An increase in the federal corporate tax rate to 28 percent would raise the U.S. federal-state combined tax rate to 32.34 percent, highest in the OECD and among Group of Seven (G7) countries, harming U.S. economic competitiveness and increasing the cost of investment in America. We estimate that this would reduce long-run economic output by 0.8 percent, eliminate 159,000 jobs, and reduce wages by 0.7 percent. Workers across the income scale would bear much of the tax increase. For example, the bottom 20 percent of earners would on average see a 1.45 percent drop in after-tax income in the long run.
Corporations in the United States pay federal corporate income taxes levied at a 21 percent rate. Many states also levy taxes on corporate income. Forty-four states and D.C. have corporate income taxes on the books, with top rates ranging from North Carolina’s single rate of 2.5 percent to a top marginal rate of 11.5 percent in New Jersey. Fourteen states levy graduated corporate income tax rates, while the remaining 30 states levy a flat rate on corporate income.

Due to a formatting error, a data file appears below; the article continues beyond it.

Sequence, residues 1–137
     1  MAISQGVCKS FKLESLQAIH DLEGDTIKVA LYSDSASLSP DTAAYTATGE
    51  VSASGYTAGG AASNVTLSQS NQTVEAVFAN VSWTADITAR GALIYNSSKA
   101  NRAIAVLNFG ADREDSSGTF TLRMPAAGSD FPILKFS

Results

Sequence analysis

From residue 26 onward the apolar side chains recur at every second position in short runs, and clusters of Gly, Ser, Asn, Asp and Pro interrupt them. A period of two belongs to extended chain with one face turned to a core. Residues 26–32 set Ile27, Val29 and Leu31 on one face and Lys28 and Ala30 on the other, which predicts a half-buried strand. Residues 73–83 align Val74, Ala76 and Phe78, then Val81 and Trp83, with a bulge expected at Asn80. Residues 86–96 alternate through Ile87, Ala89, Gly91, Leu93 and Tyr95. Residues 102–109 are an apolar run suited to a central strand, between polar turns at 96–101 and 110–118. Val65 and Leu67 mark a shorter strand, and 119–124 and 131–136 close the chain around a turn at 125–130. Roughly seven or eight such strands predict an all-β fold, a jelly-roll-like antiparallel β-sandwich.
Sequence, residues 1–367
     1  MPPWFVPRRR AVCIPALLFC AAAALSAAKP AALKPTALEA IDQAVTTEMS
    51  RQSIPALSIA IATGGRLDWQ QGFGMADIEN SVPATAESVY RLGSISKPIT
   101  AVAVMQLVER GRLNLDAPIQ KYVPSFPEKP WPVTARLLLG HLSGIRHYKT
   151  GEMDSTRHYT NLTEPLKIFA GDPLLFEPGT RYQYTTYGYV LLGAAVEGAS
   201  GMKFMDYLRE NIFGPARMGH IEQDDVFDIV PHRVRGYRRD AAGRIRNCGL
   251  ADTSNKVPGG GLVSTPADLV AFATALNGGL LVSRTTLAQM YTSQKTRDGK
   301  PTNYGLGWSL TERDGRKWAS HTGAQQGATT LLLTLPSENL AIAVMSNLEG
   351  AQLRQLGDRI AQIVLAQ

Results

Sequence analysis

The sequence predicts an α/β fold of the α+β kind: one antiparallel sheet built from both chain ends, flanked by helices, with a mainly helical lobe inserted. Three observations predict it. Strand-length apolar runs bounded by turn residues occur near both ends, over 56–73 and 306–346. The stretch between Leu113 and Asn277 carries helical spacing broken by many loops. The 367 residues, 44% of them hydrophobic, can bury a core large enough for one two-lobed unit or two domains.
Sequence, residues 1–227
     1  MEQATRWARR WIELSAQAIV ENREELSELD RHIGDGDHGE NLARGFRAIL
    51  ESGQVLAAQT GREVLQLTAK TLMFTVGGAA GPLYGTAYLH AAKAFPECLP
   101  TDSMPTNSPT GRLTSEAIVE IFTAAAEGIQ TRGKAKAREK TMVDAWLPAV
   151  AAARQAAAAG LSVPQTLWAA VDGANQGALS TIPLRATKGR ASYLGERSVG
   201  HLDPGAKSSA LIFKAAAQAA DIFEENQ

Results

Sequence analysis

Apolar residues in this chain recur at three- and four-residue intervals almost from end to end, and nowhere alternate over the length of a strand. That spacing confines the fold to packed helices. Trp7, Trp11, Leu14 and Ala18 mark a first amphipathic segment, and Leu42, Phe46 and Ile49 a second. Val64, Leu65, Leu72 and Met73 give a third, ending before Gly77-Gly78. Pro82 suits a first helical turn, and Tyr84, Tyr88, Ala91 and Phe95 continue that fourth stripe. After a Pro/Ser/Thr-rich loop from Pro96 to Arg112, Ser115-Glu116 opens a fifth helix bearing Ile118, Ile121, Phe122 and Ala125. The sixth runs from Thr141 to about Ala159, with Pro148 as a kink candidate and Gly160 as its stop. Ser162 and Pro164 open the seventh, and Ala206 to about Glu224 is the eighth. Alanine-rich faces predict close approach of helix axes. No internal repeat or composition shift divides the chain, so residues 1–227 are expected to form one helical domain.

In Nevada, Ohio, Texas, and Washington, corporations are subject to gross receipts taxes in lieu of corporate income taxes. Delaware and Oregon impose a tax on corporate income and a separate levy on gross receipts.
Compared to the OECD average, the United States relies significantly more on individual income taxes and property taxes. While OECD countries on average raised 24 percent of total tax revenue from individual income taxes, the share in the United States was 41.5 percent, a difference of 17.5 percentage points. This is partially because more than half of business income in the United States is reported on individual tax returns. OECD countries on average raised 5.6 percent of total tax revenue from property taxes, compared to 12.1 percent in the United States.